Vidalia students pledge to be drug-free
VIDALIA — A group of 141 fifth-grade students from Vidalia Upper Elementary made pledges to be drug-free Thursday afternoon after their recent completion of a 12-week anti-drug course.
The students stood in front of their parents, fellow classmates and teachers as they graduated from the Drug Abuse Resistance Education program at school.
This year marked the 20th year Concordia Parish has celebrated at a graduation ceremony for the students.
VUE was one of four schools in the parish that had fifth-grade students graduate from the program.
Ferriday Upper Elementary School had its ceremony Wednesday, while Ridgecrest School and Monterey High School will have theirs today.
Concordia Parish Sheriff’s Office Lt. Uzella Frazier, a 13-year D.A.R.E. officer, opened the ceremony by describing how the program works.
“This program is about educating children at a younger age about the dangers of drugs and alcohol,” she said. “We teach prevention over intervention.”
Frazier said the program teaches children that marijuana, alcohol and cigarettes are gateway drugs that usually lead to harder substances.
“They are aware of the dangers drugs can have to their body, mind and futures,” she said.
CPSO Sheriff Randy Maxwell was originally scheduled to be the guest speaker, but could not attend because he had business in Baton Rouge.
CPSO Chief and five-year D.A.R.E. officer Bobby Sheppard said if Maxwell was at the meeting he would have one thing to say.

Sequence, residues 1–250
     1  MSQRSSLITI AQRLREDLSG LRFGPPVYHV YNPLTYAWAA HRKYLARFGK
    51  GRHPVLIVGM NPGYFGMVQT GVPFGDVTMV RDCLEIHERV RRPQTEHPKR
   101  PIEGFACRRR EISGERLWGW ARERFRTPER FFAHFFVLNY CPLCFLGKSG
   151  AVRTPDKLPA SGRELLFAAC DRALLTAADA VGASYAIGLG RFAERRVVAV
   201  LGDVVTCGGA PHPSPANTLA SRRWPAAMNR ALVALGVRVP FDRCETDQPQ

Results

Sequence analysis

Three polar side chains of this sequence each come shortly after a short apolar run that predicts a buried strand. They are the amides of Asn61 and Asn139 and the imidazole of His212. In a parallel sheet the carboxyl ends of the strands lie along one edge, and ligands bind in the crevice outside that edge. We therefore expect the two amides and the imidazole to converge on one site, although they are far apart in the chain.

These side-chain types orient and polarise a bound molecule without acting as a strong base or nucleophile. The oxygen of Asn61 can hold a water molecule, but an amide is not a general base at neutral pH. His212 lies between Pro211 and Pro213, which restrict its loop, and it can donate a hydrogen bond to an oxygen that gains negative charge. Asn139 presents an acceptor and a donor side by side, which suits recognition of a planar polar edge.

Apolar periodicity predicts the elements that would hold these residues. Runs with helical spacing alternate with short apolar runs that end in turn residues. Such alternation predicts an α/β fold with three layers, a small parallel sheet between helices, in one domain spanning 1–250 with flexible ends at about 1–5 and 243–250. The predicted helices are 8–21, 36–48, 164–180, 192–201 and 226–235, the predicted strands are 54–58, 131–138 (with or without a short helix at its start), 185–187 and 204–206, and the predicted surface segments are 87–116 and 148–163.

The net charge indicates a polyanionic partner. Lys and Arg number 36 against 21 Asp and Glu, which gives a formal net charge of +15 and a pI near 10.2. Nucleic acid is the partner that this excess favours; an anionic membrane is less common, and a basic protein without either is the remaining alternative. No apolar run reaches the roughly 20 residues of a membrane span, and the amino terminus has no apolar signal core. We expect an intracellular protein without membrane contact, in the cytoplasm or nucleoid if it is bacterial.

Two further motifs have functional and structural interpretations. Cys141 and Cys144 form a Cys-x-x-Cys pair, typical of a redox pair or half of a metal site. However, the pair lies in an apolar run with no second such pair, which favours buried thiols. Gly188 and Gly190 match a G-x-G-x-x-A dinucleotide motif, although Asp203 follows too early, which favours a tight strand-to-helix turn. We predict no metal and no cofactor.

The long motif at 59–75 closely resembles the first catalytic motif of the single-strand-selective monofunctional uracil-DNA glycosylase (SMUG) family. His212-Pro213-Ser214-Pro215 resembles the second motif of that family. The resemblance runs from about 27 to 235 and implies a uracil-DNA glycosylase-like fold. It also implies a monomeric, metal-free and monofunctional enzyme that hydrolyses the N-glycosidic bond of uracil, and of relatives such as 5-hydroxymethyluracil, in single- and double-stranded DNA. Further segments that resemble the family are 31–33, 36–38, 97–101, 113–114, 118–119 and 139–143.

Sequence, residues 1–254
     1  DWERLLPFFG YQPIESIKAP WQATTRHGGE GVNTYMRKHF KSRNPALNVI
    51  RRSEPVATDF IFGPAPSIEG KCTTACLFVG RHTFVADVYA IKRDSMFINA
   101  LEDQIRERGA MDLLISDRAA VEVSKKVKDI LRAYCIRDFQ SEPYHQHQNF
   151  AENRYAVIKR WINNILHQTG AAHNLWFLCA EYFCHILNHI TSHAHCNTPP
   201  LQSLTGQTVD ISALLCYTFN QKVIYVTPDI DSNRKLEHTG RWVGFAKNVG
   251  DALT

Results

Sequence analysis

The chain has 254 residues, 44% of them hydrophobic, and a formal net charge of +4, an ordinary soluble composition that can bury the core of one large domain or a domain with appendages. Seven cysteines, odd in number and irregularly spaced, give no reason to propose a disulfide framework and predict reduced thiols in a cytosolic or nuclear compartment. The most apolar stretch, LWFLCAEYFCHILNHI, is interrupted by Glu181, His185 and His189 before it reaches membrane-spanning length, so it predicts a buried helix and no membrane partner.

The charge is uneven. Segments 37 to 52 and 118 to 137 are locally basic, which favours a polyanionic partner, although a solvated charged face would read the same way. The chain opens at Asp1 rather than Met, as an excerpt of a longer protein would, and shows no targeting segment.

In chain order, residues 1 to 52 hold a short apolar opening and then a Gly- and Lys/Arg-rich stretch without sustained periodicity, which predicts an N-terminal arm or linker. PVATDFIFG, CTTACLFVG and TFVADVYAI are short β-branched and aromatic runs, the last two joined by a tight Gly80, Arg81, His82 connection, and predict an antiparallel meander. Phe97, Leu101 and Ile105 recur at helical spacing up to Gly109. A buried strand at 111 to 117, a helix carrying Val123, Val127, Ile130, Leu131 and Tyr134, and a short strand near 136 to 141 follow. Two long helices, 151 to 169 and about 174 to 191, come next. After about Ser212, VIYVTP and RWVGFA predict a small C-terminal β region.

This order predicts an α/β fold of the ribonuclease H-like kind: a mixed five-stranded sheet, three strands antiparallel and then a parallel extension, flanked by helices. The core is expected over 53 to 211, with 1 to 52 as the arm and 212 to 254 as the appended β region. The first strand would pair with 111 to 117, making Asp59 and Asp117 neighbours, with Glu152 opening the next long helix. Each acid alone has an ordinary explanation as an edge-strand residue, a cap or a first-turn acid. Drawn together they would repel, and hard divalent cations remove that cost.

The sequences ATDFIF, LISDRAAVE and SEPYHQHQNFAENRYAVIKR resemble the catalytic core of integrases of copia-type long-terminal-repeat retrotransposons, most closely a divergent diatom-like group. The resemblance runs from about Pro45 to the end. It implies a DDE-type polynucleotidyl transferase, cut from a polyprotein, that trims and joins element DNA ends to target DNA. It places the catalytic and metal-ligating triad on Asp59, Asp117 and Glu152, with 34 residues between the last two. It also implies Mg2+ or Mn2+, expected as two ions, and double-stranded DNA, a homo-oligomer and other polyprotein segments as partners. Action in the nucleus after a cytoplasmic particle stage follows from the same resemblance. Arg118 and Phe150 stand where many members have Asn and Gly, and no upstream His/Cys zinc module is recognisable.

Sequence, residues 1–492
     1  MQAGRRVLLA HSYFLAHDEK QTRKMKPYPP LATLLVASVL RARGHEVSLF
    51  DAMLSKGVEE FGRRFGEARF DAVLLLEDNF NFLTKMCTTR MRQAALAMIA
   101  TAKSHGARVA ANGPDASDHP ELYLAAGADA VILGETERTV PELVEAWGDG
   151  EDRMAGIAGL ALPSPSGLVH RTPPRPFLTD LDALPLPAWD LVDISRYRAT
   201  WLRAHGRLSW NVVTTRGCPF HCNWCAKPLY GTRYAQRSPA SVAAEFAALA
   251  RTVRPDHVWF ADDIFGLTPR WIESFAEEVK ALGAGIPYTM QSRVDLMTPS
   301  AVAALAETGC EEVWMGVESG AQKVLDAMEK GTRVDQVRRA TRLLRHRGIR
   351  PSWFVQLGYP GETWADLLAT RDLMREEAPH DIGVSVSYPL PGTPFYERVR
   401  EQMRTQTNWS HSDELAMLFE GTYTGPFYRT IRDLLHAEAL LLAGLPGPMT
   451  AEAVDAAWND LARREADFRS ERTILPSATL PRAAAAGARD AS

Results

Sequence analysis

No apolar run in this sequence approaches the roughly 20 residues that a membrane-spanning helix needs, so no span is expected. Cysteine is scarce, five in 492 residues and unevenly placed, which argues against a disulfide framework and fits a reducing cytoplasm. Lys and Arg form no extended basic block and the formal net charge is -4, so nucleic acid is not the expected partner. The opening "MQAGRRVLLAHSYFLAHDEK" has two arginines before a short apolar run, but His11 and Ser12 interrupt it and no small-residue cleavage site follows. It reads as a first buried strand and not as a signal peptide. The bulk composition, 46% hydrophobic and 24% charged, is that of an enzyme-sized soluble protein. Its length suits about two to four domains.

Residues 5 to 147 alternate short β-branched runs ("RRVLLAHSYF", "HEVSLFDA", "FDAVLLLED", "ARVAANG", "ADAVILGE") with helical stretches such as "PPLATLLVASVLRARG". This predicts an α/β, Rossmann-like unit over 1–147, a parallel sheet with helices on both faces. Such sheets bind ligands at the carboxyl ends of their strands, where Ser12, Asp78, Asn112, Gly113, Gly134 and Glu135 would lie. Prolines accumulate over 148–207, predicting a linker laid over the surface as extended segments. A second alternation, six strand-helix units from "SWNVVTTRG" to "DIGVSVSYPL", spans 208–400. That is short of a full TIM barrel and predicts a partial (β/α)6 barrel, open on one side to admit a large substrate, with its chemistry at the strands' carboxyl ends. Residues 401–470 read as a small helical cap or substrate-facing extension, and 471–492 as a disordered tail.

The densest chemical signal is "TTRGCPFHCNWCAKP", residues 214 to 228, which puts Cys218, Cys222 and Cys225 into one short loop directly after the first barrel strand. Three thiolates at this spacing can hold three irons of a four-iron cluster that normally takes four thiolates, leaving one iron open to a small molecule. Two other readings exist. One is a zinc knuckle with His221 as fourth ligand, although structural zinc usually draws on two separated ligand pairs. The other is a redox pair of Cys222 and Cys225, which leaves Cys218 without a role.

“I know he would tell all the parents here to go home and tell your children you love them,” he said. “We have to stand by and support them in their lives.”
Vidalia Police Chief Arthur Lewis also spoke to the students, which was an added bonus since Lewis’ son Austin graduated from the program shortly after his father’s speech.
“Right around your age is when I decided what I wanted to do with the rest of my life,” Lewis said to the students. “You need to remember the things you do and say will affect you for the rest of your life so remember to make good decisions.”
Lewis also spoke to the parents in attendance.
“The (DARE officers) are doing what we as parents need to be doing,” he said. “We need to teach our children the facts. It may not be easy, but sometimes you have to be able to share the hard facts with your children.”
Lewis then had the students stand and tell their parents that they loved them before the essay winner was announced.
LaNya Jones won the contest and confidently read her essay on what she learned in DARE to the crowd.
“You can get many types of sicknesses from smoking and drinking,” she said. “Don’t drink, don’t smoke, be respectful and if someone offers you drugs, just say no.”
Awards were also given to three students in the poster category. Kelsi Cavazos won first place, Loyd Caldwell won second and Lindsay May won third.